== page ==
I took point as we tracked the monster through the dense wilderness. The rest of my team followed close behind. Our HUD blinked and alerted us of peculiar noise nearby. With my jetpack, I glided up a jut of rock, and there it was—Goliath. The brute of a creature tore apart the local wildlife below me. I called in an orbital barrage on its position. Missiles rained from above. With Goliath hit, our trapper moved in and deployed a mobile arena, preventing the beast's escape for a short time with a blue domed forcefield. Our first of four hectic brawls began.
“This is Evolve,” said design director Chris Ashton just minutes before we began our hunt. “An asymmetrical cooperative competitive multiplayer game.”
It's a mouthful, but I can't think of a better way to categorize Evolve. Developed by Turtle Rock Studios for Xbox One, PlayStation 4, and PC, Evolve pits four players against one on a wild planet called Shear. These four players must utilize their class specific roles to hunt and slay the fifth player in control of a hulking monster before it evolves into a form too powerful to kill. The hunt plays out as a series of boss-like encounters mixed with a chase through an atmospheric, alien environment. It's tremendous fun, which shouldn't come as a surprise. After all, Turtle Rock has both Left 4 Dead titles under its development belt.
I played support, which put me in both an offensive and defensive role during the demo I played at PAX East. Evolve equips each class with several crucial abilities, and the support class is no different. It featured a powerful orbital barrage, a team-cloaking ability, and my personal favorite: the shield generator. I was able to generate a shield on a fellow teammate to block damage if I kept them in my field of view. Because Goliath can't focus on multiple players, I spent my time on high ground protecting whichever ally the monster wanted to pummel.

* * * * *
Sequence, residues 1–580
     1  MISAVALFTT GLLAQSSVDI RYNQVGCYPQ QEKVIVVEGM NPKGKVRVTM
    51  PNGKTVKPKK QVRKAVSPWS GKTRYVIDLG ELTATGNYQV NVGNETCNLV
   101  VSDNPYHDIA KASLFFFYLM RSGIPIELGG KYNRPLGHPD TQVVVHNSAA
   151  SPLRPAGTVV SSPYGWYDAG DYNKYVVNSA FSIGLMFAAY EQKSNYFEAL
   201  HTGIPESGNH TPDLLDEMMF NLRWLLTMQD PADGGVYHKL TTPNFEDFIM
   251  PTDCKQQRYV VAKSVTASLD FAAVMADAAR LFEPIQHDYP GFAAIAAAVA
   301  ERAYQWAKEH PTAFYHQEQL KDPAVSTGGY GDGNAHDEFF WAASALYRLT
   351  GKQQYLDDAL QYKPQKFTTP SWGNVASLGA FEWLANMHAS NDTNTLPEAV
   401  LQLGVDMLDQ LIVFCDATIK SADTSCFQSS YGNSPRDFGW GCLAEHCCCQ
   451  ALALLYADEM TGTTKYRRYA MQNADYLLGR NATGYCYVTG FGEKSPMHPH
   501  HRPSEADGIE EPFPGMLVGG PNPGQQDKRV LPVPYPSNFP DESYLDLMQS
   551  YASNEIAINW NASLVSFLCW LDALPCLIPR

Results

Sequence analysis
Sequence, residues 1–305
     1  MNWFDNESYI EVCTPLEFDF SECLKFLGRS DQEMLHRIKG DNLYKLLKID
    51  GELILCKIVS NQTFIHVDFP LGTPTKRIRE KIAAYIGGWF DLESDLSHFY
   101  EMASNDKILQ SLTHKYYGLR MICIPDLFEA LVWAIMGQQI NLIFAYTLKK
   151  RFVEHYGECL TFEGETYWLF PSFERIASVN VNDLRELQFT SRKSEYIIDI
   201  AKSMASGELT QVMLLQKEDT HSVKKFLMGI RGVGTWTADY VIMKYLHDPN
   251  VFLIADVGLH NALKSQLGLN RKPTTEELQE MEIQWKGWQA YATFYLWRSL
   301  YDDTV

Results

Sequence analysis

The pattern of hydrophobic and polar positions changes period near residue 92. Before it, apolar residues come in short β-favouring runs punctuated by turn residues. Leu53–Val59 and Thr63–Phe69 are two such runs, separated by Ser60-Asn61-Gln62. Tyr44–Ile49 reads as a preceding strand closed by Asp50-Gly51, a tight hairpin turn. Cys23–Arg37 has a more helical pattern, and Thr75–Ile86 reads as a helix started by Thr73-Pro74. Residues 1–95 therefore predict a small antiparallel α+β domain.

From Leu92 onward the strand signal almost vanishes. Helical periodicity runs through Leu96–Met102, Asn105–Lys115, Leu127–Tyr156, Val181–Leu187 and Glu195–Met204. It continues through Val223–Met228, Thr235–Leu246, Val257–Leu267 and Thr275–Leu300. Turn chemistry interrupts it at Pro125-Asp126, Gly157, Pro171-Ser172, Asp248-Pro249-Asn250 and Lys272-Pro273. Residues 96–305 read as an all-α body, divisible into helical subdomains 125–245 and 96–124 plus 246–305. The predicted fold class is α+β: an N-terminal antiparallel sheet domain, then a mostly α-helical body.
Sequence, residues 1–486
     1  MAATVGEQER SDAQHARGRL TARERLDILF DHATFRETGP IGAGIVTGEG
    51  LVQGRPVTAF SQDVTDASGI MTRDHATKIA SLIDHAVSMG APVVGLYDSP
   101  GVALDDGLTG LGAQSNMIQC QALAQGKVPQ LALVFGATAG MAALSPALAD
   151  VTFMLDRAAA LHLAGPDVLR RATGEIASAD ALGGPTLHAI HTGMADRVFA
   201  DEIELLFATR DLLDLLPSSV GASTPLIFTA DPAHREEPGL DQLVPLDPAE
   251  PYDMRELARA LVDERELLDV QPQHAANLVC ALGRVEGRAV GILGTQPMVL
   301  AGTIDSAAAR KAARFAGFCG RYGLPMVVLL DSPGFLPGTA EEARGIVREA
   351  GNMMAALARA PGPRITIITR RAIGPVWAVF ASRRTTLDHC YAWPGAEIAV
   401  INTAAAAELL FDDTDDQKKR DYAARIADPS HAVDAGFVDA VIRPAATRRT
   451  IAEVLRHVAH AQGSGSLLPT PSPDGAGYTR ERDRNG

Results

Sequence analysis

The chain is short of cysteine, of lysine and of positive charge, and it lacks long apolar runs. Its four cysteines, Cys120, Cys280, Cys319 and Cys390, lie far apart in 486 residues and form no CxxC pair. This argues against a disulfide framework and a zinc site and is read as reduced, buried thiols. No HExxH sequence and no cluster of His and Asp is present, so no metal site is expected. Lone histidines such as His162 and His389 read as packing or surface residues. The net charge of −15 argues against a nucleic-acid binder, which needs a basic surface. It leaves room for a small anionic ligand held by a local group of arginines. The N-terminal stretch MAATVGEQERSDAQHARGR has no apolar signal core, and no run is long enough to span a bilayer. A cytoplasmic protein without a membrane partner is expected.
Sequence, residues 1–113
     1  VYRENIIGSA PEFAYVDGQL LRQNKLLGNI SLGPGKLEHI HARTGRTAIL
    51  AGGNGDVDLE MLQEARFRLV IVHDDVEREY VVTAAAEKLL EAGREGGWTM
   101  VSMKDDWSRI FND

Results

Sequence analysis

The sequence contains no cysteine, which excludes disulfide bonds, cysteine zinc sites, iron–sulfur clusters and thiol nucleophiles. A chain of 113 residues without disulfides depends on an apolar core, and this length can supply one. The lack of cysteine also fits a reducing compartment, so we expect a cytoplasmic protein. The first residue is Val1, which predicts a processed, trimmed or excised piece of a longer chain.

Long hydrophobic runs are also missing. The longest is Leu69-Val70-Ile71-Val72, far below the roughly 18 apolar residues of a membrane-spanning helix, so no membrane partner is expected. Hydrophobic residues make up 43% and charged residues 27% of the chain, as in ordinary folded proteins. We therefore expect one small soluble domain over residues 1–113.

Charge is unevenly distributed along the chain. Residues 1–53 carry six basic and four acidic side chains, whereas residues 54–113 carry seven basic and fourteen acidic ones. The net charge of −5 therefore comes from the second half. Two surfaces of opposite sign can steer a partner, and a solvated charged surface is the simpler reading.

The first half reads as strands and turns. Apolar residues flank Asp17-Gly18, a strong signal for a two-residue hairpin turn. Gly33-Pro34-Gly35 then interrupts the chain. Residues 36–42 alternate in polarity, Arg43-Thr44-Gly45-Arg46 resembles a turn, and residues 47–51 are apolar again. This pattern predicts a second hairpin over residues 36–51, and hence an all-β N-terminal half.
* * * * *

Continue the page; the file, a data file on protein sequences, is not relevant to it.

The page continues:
Three journalists from other outlets filled out the rest the team. True to its name, the medic class kept our team alive, but also wielded a sniper rifle which weakened Goliath. Our trapper used a wealth of abilities to track and slow the monster. The trapper's most effective tool was the mobile arena, an ability which created a giant blue dome from which Goliath could not escape for a short period. Lastly, the assault class hit hard with its lightning gun and even harder with deployable mines. It was necessary for every team member to pull their own weight—lone wolves won't get far in Evolve.
The fifth player sat across from our four screens and controlled Goliath. His goal was to consume creatures found in the wilderness in order to evolve into stronger forms. Once evolved fully, Goliath would become too strong for the hunters to kill, creating a sense of urgency on both sides. Goliath was faster than us but had to stop to make a kill and feast. When we trapped Goliath in the dome, the monster defended itself with pure offense. Thrown rocks, flame breath, and massive fists kept kept us on our heels despite our goal.
Rain poured down amongst the tall trees and cliffs as we tracked and met Goliath on four occasions during our demo. Each time our trapper confined the beast within the mobile arena, and after it dissipated Goliath fled out into Shear with a little less health. Perhaps it was a trick of well designed backdrops, but the level we played in appeared massive. An abundance of both hostile and apathetic alien creatures helped bring Shear to life, along with some great tone-setting sound design. Despite the goofy character models—the character I played wouldn't have been out of place on an episode of Duck Dynasty—I was immersed into the game world and the task at hand with surprising ease.
Our final bout with Goliath came as we chased the creature into a sunken pit. Rash, all four of us jumped in ready to finish it off once and for all. Big mistake. Massive crocodile-like creatures, fierce and ready to tear my team apart, lurked within and joined the fray. Our trapper and medic died quickly, but the crocodiles did, too. Goliath still had a fifth of his health and neared his final evolution. I activated my cloaking device to get out of the way, pulled out my shield generator, and protected my assault teammate as he let loose everything in his arsenal. It was close, but Goliath fell. Our team jumped up in our seats, cheered, shook hands, and gave our condolences to the man behind the monster whom, despite his loss, was grinning ear to ear with the rest of us.
Part of me wanted Goliath to win. The unpredictability of a human-controlled boss enemy is at the core of Evolve and what made it such an exciting experience, not my team of four trackers. Goliath was the star, maybe even the hero, despite its grotesque appearance. Ashton promised more game modes and maps when the game launches this fall, so I'll eagerly await my chance to play as Goliath and taste monstrous victory sometime this year.